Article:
Health scores on the job

Health scores on the job
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First Published: Mon, Oct 05 2009. 08 40 PM IST

Updated: Mon, Oct 05 2009. 08 40 PM IST
A new approach to healthcare at the workplace is now taking into account the impact your desk hours have on your health. Some organizations are hiring professional healthcare companies to provide a medical analysis for employees—it’s termed health risk assessment, because it details employees’ risk for illness and allows companies to take remedial action for the staff. “Typically, employees in high-pressure work situations will remember to work late nights to meet a deadline, but will have no time to return for a recheck of high cholesterol levels; that is why it is important to have an official follow-up programme,” says Vasanthi Vaze, medical director, Pulse Healthcare, a multi-speciality clinic and diagnostic centre offering similar services.
For someone such as Bruno Goveas, 33, a product specialist at the Bangalore-based software company Akamai Technologies, these annual check-ups at work are a boon. Last year, latent tuberculosis led him to surgery. However, despite the surgery, he doubts he would have got his tests done this year if not for People Health, a Bangalore-based healthcare management company, and their arrangement with his organization. “Without the incentive of the office-sponsored scheme, one tends to put off these things.”
Treating both the worker and the workplace
The annual health check from companies such as People Health includes clinical tests plus an assessment model that highlights causative factors. Follow-up action includes a health manager regularly alerting individual employees to return for a monitoring of problem areas. Individual reports are given directly to employees and are strictly confidential. Employers are privy only to the company-wide statistical health risk assessment, a report that lets companies tailor their in-house health and wellness programmes.
The People Health plan also tracks genetic influence on health and helps people balance their risk. “For instance, a professional with a clinical cholesterol reading of 300, who works out four times a week and has no family history of cardiac arrests, is at a lower risk level than someone with a 200 cholesterol reading, but with poor lifestyle habits and a family history of cardiac problems,” says Krishnamurthy Ganesan, chief executive officer, People Health.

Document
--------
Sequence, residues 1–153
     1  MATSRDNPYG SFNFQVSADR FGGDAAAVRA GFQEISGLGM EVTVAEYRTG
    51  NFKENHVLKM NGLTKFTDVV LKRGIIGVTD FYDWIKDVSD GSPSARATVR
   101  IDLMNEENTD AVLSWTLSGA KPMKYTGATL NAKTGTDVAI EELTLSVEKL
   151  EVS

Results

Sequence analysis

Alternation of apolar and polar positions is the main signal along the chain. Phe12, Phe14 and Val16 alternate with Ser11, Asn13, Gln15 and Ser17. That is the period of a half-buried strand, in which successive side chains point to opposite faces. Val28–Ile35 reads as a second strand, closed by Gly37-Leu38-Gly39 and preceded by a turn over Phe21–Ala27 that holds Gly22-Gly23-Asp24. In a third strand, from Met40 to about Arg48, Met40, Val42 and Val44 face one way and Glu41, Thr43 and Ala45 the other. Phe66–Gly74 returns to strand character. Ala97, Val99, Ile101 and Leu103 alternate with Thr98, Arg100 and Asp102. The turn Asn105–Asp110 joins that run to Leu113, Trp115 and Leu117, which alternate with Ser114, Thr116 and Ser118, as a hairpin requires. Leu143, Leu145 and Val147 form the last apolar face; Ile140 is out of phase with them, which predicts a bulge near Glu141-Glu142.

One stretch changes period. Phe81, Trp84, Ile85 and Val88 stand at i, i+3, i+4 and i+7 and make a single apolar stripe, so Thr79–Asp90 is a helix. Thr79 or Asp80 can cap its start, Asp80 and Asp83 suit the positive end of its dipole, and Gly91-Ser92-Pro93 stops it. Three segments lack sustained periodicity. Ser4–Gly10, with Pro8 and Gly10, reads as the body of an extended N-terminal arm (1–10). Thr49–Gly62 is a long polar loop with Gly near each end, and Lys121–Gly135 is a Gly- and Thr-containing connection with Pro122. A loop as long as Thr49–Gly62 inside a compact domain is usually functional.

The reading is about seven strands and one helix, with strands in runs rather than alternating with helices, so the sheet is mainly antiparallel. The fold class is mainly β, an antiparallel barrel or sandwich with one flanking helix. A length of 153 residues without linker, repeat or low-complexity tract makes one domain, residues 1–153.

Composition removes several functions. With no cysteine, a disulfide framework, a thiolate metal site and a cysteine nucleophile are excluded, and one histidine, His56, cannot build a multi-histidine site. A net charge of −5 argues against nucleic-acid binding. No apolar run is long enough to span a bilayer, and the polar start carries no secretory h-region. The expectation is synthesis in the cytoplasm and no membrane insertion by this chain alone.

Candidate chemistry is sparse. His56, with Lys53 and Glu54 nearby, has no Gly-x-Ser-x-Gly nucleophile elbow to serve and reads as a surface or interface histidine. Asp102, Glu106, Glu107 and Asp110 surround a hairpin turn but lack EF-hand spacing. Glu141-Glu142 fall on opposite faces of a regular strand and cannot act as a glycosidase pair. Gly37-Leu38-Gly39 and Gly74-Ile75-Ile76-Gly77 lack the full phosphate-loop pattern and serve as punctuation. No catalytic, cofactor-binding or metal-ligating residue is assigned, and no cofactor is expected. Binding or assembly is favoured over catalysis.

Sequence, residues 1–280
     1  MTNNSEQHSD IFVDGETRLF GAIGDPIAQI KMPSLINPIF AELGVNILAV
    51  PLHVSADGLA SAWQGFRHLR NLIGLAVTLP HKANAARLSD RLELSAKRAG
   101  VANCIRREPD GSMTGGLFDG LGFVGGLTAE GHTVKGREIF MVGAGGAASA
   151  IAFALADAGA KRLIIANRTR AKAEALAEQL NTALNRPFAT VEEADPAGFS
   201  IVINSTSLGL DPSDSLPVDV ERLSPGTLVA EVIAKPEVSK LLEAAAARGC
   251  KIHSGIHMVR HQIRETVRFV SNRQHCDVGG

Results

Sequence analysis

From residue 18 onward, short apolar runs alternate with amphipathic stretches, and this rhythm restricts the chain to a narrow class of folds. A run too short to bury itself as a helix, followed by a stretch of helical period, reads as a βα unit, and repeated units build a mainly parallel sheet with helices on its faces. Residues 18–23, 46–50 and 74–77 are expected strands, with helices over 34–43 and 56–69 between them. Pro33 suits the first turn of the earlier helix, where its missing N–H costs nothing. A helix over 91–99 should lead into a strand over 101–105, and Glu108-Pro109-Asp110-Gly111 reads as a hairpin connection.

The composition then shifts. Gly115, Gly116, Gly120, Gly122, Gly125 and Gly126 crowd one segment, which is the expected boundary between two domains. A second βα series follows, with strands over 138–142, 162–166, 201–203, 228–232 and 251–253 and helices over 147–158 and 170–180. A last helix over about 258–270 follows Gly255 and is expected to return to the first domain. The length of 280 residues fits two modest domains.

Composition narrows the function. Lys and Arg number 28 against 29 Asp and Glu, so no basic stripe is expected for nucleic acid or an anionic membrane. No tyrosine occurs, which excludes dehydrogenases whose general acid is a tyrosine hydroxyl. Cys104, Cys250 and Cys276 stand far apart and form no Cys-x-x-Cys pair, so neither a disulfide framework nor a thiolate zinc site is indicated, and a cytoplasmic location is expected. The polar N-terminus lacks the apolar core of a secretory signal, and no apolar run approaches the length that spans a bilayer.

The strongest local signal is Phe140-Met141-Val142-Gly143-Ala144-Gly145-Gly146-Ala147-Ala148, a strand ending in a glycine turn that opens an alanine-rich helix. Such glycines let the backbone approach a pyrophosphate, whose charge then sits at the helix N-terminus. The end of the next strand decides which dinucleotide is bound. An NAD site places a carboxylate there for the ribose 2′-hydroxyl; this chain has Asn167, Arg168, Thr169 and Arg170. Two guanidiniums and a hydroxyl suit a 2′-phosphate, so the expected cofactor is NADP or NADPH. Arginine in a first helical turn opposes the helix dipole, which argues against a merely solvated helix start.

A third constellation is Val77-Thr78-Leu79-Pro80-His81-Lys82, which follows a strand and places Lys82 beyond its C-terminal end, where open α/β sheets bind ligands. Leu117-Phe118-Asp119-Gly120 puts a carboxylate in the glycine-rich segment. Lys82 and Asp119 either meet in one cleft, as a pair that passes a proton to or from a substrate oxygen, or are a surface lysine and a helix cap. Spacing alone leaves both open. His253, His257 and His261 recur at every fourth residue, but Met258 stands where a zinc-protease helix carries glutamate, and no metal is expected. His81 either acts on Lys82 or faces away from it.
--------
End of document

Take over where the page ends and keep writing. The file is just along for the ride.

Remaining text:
For VeriSign India, an information security company, which uses a corporate health scorecard from People Health, the benefits are visible: The company is now able to coordinate a wellness calendar for employees. “At the end of every annual health check, an employee gets a composite health score (0-5, based on various weighted factors). Broad trends are used to tailor a company-wide wellness calendar of eye health camps, nutrition and cardiac health campaigns, and most recently, awareness programmes on H1N1,” says Kiran Punja, human resources (HR) manager, VeriSign.
Employees feel better
For employers, it is about taking responsibility for the workplace’s affect on the employee. If we take the information technology industry as an example, workplace issues seem to definitely impact health, with problems ranging from back problems to high blood pressure, and cholesterol readings showing up in employees in their 20s and 30s. “We are aware of the fact that the technology industry that we work in has a very sedentary work pattern. We have a median age of 28, and are keen to ensure that our employees know what they need to do to stay healthy,” says Chetan Kadamba, manager, HR, at Akamai Technologies. With greater cardiac risk associated with professionals in the information technology/information technology-enabled services industry (IT/ITeS), it makes sense for Akamai Technologies to closely monitor its employees and seek solutions.
Certainly, intervention at the workplace can be more effective than individual check-ups. Says Kadamba, “ I have had employees come up to me and tell me that they would never have opted for a preventive healthcare check if not for the fact that it is offered by the company.” Apart from ease of access and cost benefits (see Cost to Company), peer influence can be a great incentive: “When we noticed Chetan (Kadamba) altering his diet after a health check, it got everybody else in Akamai interested,” says Goveas.
H.M. Venkatappa, medical director of healthcare firm Kanva Diagnostics, feels that for effective preventive healthcare, all professionals above 30 should get a health profile, and for those above 40, it should be mandatory. “With aggressive type A personalities and deadline-driven work environments, people in their 30s are showing high morbidity,” says Gururaja Rao, director, Clumax, a diagnostic services company that recommends mandatory basic blood tests, sugar, lipid profiles and liver and kidney function tests for all professionals aged 35 and above.
Cost to company
The costs are borne by the employer. People Health’s packages cost Rs2,000-6,000 each, based on age and range of tests. “For age groups below 30, the cost of testing is lower. It is highest for those in the above-40 bracket,” says Ganesan. The cost also varies with the follow-up services a company chooses (the Rs2,000 plan does not include any). It also depends on organization size, with volumes translating into economy, something readily appreciated by businesses.
Write to us at businessoflife@livemint.com
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First Published: Mon, Oct 05 2009. 08 40 PM IST